Wednesday, July 23, 2014

Radio's Word Salad Simpleton Vicki McKenna serves up student data fears over Common Core.

The great right wing geniuses would like you to think they're the undaunted protectors of our freedoms, liberties and personal data. For example; Common Core student data.

From the babbling mindlessness of conservative radio talker Vicki McKenna, we're led to believe Common Core student data will be used at some later date to destroy the lives of conservative grownups everywhere. And that liberals and backers of Common Core don't give a damn about it.

Thank god we have tea party leader and mouthpiece Mckenna watching over us. In what I would call a breathless word salad of fear mongering, McKenna throws ridiculously old talking points about "teachers unions supporting leftists..." (remember Act 10 Vicki?) and juvenile comments like "are you creeped out yet? You should be." Here's one of my favorites:
"There is nothing the government needs to know about you that it would ever use to make your life better. Ever! When has the government ever used information gathered about individuals citizens to make their life better?"
When? How about gathered information to improve education, food safety, traffic signs, product safety, drug safety, health, invaluable census data used for policy and business needs centered around demographics, income, marketing, housing needs, zoning...etc. Is she an idiot? Yes.

Having been a radio veteran for 26 years and liberal talk host (Vicki and I were a team for one year), I truly believe she's just making this stuff up to fill the hour. A bottomless word salad of unrelated terms meant to dazzle the low information listener. Here's a tip, stop talking Vicki, and take a call. Breath:

Securing student data Important: But the coverage I've seen in my EdWeek email updates, nothing could be more important than privacy. From local districts, superintendents and school boards, student data is a concern they've already dealt with in their contracts and policies...locked away, or so says my own local superintendent. But beyond local governments, Common Core backer Bill Gates is at the forefront of keeping that data secure. I'm not a big fan of billionaire involvement, but Gates knows his stuff when it comes to security issues, which is an ongoing and never ending process:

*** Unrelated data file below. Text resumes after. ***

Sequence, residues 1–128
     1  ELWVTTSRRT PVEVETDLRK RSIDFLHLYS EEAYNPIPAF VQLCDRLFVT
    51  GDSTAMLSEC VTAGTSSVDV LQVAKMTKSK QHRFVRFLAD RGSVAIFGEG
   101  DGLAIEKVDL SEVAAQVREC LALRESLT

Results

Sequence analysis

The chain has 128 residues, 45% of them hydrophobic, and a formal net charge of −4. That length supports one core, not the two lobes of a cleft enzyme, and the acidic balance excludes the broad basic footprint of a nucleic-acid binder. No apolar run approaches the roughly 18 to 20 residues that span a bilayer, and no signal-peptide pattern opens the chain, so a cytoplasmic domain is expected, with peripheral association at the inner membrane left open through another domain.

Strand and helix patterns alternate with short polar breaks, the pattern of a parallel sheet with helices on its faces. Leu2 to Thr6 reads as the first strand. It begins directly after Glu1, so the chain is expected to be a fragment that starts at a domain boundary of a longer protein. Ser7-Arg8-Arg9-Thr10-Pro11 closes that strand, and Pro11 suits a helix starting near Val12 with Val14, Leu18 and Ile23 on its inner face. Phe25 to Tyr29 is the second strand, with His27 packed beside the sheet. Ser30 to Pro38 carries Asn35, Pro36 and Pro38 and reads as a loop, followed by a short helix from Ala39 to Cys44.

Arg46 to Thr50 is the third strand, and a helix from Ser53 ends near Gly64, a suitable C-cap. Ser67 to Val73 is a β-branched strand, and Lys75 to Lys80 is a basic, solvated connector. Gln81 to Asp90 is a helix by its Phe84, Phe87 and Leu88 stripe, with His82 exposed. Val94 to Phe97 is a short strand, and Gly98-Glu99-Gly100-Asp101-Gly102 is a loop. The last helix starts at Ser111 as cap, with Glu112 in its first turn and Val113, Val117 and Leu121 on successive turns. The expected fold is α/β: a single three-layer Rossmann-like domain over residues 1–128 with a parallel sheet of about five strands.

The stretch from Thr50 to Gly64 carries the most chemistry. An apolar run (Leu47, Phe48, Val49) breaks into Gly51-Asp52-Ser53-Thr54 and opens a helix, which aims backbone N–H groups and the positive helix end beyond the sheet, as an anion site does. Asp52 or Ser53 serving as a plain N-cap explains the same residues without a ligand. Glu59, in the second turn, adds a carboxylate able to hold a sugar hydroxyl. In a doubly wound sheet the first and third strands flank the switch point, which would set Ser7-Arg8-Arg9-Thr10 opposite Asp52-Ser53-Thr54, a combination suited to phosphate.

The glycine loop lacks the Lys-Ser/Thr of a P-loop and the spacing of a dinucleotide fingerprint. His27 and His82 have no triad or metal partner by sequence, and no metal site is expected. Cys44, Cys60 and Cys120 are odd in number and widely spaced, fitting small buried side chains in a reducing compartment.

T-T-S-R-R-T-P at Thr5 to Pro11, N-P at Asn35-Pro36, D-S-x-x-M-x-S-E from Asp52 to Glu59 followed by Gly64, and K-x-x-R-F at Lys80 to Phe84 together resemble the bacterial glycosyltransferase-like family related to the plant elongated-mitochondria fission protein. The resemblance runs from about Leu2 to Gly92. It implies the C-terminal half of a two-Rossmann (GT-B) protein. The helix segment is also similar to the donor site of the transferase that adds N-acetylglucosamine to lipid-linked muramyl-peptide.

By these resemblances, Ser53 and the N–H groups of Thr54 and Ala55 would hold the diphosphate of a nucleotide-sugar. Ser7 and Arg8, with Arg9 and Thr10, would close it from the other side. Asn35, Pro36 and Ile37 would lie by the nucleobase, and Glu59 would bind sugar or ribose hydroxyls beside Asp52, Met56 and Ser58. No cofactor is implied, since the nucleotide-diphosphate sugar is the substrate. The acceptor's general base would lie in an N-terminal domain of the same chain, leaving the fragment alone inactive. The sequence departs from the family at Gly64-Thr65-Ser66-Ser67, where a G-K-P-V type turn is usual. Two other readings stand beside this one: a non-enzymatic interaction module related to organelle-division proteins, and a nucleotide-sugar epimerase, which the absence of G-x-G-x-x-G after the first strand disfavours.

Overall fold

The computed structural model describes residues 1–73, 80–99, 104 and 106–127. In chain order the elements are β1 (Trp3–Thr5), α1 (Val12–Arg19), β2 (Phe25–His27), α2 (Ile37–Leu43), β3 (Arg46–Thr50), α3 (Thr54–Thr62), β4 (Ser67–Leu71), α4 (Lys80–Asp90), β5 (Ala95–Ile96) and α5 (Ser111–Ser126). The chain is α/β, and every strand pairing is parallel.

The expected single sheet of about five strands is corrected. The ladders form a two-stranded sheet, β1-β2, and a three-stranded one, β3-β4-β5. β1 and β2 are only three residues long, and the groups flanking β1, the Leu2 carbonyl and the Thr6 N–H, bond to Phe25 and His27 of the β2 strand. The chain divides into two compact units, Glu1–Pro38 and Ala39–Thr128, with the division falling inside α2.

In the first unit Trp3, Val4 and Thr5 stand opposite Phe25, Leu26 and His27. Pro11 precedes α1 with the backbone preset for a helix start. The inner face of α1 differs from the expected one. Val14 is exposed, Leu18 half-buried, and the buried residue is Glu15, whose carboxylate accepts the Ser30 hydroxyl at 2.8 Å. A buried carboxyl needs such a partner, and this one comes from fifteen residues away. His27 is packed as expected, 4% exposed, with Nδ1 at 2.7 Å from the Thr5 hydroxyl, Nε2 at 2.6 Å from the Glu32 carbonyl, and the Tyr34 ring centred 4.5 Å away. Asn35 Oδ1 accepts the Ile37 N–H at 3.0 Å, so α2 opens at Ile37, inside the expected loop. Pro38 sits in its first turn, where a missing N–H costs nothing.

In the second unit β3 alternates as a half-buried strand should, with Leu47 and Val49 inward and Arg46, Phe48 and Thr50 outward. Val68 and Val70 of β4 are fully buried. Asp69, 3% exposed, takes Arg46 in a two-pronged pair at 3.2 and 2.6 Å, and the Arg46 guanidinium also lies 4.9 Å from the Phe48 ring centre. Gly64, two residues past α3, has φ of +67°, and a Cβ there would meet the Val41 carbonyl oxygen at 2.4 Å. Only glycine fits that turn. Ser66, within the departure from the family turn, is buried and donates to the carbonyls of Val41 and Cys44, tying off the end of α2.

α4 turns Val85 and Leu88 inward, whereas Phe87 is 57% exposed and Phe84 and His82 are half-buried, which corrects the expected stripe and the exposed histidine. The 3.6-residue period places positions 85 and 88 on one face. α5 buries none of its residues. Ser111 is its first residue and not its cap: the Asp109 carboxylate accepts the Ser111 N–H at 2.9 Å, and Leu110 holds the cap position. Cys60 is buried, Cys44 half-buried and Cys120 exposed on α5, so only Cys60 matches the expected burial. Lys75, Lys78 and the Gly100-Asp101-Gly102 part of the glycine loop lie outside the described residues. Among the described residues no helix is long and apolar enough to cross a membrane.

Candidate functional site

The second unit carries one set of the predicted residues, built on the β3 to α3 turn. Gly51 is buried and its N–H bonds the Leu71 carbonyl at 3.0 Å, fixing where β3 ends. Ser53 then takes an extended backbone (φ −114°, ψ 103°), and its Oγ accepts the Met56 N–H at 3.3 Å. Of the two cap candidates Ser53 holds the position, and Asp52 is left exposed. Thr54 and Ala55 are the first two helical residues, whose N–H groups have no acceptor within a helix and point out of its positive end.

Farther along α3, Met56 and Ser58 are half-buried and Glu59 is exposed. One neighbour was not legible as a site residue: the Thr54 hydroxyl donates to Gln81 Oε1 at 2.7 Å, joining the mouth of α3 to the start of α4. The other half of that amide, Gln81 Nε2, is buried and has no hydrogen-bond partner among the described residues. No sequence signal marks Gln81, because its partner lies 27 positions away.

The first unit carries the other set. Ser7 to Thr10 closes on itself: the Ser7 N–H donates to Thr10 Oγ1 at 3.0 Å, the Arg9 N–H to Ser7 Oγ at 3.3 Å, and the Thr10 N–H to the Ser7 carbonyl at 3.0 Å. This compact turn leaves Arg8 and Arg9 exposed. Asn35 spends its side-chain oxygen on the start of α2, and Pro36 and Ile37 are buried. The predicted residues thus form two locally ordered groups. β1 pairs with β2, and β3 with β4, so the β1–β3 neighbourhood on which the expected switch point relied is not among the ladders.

As some of its competitors have been battered over their policies for protecting student data, Microsoft Corp. has sought to make sure that the issue—and what it regards as its strong record on privacy—remain firmly in the public eye. During the past year, Microsoft has supported academic research on privacy and guides for school officials on the subject. Its executives have also kept a steady presence at public forums urging school districts and policymakers, as well as parents and families, to pay attention to the issue. "Students are not products," Cameron Evans, Microsoft's chief technology officer for U.S. education, said

But as the company moves aggressively to position itself as a protector of student-data privacy, some say it also runs the risk of a backlash if it doesn't back up its talk with the kind of vigilance the technology giant promises to deliver.While it makes sense for Microsoft to market its privacy brand, "having a business reason for doing that doesn't mean they don't believe what they do," said John M. Simpson, the privacy-project director for Consumer Watchdog, a Santa Monica, Calif.-based organization.

Mark Schneiderman, the senior director of education policy for the Software & Information Industry Association, a Washington-based trade association, said in a statement that K-12 companies are competing on many fronts, and promising strong "data security and related tools" is just one of them. "[T]here is a lack of understanding among parents, the media, and policymakers about what is, and is not happening in the sector," Mr. Schneiderman told Education Week. Mr. Mutkoski, the Microsoft public-sector-services official, said in an interview.

Major organizations, he added, typically expect data-privacy guarantees to be "baked into our contracts," and, he argued, school districts should expect the same.

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